Saturday, 14 September 2013

Block printing experiments

I made my first attempt at block printing today. I spent a bit of time over the last week browsing online how-to's and gathering images of period paintings and extant fabric samples. Here is a great video of block printing in Jaipur. The video starts with a multi-colour print using four speerate blocks and then demonstrates a great method for turning corners - using newspaper to make angles. It's also comforting to see that professions (who do this every day) sometimes misalign the blocks. This morning, I felt confident enough to make my own attempt on a scrap of pale yellow linen I had lying around.

From what I can gather, a lot of block printing is done using wooden or copper blocks like the one in the image above (grabbed from a random ebay auction). The blocks are crafted in such a way that the design will flow from each printed block. The raised section of the block is covered in fabric paint or dye from an ink pad and then the block is stamped onto the fabric.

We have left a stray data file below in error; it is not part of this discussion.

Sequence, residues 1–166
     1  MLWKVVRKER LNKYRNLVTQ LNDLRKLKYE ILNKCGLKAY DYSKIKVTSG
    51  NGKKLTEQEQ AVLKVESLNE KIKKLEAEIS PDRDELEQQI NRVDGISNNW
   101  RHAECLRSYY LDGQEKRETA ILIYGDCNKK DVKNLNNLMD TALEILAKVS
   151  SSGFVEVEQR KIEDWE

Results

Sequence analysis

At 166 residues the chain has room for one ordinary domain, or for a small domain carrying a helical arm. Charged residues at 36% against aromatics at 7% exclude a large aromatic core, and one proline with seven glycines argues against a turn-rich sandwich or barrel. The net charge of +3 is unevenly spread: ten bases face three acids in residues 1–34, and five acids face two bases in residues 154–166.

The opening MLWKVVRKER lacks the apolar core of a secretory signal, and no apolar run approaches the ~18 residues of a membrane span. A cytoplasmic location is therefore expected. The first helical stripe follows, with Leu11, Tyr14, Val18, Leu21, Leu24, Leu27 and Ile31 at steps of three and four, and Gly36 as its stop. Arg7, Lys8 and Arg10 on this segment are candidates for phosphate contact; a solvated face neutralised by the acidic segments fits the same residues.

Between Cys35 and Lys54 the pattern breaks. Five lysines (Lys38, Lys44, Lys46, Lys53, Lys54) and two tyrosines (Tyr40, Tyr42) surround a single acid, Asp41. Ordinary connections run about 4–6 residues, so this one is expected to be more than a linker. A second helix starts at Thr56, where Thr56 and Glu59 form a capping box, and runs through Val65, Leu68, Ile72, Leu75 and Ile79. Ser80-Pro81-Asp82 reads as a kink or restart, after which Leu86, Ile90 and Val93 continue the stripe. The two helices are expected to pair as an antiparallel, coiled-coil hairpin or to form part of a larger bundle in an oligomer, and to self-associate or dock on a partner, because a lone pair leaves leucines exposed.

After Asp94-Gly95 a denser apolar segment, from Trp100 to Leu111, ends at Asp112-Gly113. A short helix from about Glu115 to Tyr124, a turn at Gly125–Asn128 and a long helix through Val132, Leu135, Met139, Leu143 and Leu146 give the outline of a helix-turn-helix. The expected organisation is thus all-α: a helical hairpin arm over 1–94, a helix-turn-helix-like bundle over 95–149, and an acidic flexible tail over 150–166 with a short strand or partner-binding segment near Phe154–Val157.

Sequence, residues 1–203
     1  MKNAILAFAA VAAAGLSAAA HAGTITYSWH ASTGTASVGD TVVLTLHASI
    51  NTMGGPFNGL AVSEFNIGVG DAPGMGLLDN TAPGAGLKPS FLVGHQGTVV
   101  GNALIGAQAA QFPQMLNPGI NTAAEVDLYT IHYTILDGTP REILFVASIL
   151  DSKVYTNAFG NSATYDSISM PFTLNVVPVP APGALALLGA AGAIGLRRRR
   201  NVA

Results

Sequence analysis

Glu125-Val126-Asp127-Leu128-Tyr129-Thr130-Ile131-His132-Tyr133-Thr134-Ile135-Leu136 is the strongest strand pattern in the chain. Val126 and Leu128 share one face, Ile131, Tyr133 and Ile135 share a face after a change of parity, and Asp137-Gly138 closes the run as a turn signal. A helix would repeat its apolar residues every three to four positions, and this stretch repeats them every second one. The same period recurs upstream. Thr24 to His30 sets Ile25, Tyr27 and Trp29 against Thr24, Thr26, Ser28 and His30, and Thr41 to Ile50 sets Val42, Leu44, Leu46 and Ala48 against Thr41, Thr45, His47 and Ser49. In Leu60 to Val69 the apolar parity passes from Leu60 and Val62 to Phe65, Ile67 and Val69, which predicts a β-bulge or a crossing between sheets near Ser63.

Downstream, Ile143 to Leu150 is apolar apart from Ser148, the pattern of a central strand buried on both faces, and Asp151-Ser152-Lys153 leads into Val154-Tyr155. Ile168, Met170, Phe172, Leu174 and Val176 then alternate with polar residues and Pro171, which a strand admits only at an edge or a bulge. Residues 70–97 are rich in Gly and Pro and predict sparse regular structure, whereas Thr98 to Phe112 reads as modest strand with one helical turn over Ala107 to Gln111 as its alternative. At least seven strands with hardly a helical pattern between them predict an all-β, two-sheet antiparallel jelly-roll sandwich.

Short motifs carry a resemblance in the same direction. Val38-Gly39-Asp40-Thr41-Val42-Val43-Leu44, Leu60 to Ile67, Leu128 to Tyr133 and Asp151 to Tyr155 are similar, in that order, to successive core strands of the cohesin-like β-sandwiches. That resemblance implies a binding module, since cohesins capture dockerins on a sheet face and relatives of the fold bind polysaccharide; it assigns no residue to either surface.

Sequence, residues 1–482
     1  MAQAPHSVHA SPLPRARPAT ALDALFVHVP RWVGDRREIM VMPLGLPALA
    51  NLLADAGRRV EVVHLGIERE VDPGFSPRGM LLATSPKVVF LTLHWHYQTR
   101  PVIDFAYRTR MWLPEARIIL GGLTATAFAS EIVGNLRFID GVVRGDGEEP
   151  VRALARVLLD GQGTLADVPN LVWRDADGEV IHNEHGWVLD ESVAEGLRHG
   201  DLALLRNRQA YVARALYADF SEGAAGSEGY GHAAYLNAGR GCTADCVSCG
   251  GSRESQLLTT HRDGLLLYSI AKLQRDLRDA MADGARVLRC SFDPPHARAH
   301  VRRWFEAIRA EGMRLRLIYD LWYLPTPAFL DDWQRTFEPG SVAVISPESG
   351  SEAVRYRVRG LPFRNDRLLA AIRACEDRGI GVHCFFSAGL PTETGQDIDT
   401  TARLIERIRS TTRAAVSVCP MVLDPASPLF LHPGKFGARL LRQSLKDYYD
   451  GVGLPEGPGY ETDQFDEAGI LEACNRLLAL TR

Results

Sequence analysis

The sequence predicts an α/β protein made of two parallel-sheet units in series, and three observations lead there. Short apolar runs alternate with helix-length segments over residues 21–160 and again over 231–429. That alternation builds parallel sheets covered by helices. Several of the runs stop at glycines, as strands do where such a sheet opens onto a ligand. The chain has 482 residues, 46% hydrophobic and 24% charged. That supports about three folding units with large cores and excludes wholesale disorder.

For my first attempt I decided not to buy a block from ebay as I only wanted a small design. Also, alot of them seem to be discarded blocks from India and I would want a complete pattern. Instead, I crafted a mini-block using 'Make 'n' Bake', a mont marte femo knock off. I got the idea from aan article by Lindsay Boardman for a polymer clay cookie stamp. I took the idea and made a small quatra-heart pattern stamp. The hard part was getting the hearts flat. As you can see in the image above, when I defined the groove between the hearts, the bottom two buckled. I used Pebeo's Setacolour opaque for this first experiment. Mostly because I have a couple of pots sitting around my house from a previous abortive fabric painting attempt. I ended up painting the dye onto the stamp as I didn't have an ink pad and I wasn't going to be doing many stamps. It took me a while to master getting most of the design on the fabric. The left two stamps in the image below are the best print I achieved with the stamp alone. The print on the right I touched up with a paint brush.

I quite like this effect and will try it again to make a small Persian headscarf or possibly even a full tunic (if I get around to making more stamps). In the mean time, I'm going to look for a rubber stamp of two crossed quills. The type of rubber stamp Samantha used to use for her card embossing art. I suspect it may work well for a small block printing project.

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